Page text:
While there twin-wire clipper seams have been shown to possess outstanding advantages when used for the purpose above described, extreme difficulty has hitherto been experienced in the manual operation of threading the two pintle wires through the tunnel formed by the aligned and interleaved wire loops whilst, at the same time, retaining the twin pintle wires in correct parallel alignment across the full width of the seam, that is to say, with the twin wires lying side by side in the plane of the dryer felt.
The object of the present invention, therefore, is to provide an improved composite unit by which the twin pintle wires may be speedily and simultaneously threaded through the wire loops of the seam and, at the same time, disposed therein in accurate alignment, 8 above described, thereby ensuring the best possible action a a flexible seam.
According to the invention, the two pintle wires lying side by side and a lead-in wire are placed end to end and are coupled together by any suitable means to form a strong and convenient composite unit.
in one form of the invention, the adjacent ends of the twin pintle wires and of the lead-in wire are clamped in their correct relative positions in a mould into which resinous or similar curable or settable material is introduced to form, after curing or setting, an effective coupling of the three wires, the mould being adapted to form a body having an external shape designed to facilitate its easy passage through the tunnel formed by the wire loops.
In another form of the invention, the leading ends of the two pintle wires are coupled to the trailing end of the lead-in wire by means of a tubular sheath formed of metal, or alternatively of plastic material. This sheath, which forms the coupling, is shaped externally to facilitate its easy passage through the wire loops, and is conveniently made about 2 to 3 inches in overall length. One end of the sheath is shaped to receive the twin pintle wires lying in mutual contact side by side, and the other end is shaped to receive the lead-in wire. These three wires are securely retained in the tubular sheath by any suitable adhesive cement, or in any other convenient manner.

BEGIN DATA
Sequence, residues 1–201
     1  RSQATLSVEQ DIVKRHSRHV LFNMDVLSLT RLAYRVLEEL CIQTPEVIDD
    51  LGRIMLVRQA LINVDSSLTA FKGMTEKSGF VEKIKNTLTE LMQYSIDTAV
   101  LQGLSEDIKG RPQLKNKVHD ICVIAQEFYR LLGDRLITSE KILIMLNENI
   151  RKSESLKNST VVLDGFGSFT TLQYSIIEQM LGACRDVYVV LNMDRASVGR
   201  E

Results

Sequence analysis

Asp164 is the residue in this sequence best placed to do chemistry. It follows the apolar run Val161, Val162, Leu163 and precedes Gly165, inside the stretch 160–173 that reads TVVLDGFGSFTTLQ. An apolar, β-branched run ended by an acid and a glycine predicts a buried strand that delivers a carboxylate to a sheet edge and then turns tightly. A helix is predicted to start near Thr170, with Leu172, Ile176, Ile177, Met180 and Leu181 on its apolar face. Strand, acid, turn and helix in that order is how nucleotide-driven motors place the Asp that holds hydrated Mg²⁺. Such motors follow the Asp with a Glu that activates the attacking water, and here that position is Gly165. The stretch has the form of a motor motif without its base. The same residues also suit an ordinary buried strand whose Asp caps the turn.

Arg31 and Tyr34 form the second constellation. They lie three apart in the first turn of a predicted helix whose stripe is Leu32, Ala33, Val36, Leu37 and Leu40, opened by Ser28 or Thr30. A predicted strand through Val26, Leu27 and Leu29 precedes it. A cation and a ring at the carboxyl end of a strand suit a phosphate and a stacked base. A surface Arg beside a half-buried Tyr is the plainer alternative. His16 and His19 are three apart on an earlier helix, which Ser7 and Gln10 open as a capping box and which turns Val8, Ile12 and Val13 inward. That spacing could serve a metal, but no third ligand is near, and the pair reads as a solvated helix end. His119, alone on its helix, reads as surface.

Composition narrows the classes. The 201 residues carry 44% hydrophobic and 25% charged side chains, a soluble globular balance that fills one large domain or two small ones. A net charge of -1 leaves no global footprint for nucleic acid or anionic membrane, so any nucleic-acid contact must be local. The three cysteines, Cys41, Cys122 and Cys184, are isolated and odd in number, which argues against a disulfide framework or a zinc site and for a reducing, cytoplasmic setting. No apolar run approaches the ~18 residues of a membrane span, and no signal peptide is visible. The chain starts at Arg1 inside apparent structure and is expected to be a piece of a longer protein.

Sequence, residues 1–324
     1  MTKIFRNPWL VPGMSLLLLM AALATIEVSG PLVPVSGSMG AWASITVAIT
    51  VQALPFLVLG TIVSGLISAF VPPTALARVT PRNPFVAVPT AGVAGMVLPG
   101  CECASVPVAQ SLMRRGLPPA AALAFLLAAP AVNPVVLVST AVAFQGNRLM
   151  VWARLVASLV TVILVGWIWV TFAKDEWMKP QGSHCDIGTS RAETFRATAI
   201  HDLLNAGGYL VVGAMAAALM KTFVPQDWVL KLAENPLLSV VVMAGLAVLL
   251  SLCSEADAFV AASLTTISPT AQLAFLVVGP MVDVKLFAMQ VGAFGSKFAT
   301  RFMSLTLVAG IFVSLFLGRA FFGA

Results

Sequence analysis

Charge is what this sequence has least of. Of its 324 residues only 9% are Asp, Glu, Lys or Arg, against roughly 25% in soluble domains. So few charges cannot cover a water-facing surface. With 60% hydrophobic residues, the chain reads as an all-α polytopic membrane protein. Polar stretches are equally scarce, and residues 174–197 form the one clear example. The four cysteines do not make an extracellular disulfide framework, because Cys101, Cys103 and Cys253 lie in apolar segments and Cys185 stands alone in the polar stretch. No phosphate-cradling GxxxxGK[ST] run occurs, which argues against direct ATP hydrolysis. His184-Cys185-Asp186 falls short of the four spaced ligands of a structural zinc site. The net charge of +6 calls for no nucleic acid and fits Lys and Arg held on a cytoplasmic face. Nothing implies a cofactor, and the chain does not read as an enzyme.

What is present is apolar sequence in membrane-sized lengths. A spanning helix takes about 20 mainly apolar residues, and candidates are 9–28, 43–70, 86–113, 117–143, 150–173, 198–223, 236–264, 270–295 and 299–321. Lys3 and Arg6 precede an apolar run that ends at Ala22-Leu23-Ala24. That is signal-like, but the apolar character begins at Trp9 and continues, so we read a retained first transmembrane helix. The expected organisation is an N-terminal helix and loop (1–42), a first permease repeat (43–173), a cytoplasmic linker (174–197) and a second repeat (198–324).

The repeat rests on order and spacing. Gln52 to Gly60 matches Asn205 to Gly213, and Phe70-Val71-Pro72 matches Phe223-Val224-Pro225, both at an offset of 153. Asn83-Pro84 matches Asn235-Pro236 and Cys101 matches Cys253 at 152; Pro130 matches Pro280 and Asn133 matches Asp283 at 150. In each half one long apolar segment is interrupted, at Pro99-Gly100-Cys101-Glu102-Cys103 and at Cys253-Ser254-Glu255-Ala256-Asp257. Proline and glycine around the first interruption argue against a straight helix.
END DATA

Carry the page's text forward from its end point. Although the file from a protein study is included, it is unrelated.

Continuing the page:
The pintle wires are preferably, but not necessarily, of the all-synthetic construction described in our British Pat. No. 997,354, and their length exceeds by a reasonable margin the width of the dryer felt to which the seam is fitted.
The lead-in wire is preferably of rectangular cross section, and is fitted in the tubular sheath with its major axis in alignment with the twin pintle wires lying side by side. The lead-in wire is preferably made of hardened and tempered spring steel, so that it tends to straighten out when released from the coiled form in which it is packed for transport. The length of the lead-in wire is nonnally some 2 or 3 feet longer than the width of the dryer felt and its seam, and the leading end of the lead-in wire is suitably rounded off or pointed to enable it to pass smoothly through the tunnel formed by the wire loops.
When the wire clips are clenched in the selvedge of narrow webbing which is attached by sewing or other means to the ends of the dryer felt, the webbing is preferably of the tapered form described in our British Pat. No. 847,646.
The twin pintle wires and the lead-in wire, connected in the above-described manner, form a composite unit which is particularly convenient for use by the paper-machine staff when fitting a new dryer felt. The coil is first released from its temporary binding whereupon the lead-in wire straightens out by reason of its spring temper, and the twin pintle wires are straightened out by hand. The leading end of the lead-in wire is then inserted into the tunnel formed by the wire hooks, and is propelled by hand until the leading end emerges from the other side of the seam. During this operation, the loose ends of the dryer felt are preferably supported in such manner as to be capable of being readily drawn together as the lead-in wire is pushed through.